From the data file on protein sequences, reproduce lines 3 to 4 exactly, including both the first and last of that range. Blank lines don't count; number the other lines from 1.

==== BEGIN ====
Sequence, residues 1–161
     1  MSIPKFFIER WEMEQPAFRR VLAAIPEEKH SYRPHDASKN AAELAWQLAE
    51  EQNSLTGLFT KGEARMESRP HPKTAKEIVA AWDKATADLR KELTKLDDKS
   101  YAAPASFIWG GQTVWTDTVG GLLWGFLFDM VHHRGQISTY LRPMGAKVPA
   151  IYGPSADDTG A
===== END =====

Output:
    51  EQNSLTGLFT KGEARMESRP HPKTAKEIVA AWDKATADLR KELTKLDDKS
   101  YAAPASFIWG GQTVWTDTVG GLLWGFLFDM VHHRGQISTY LRPMGAKVPA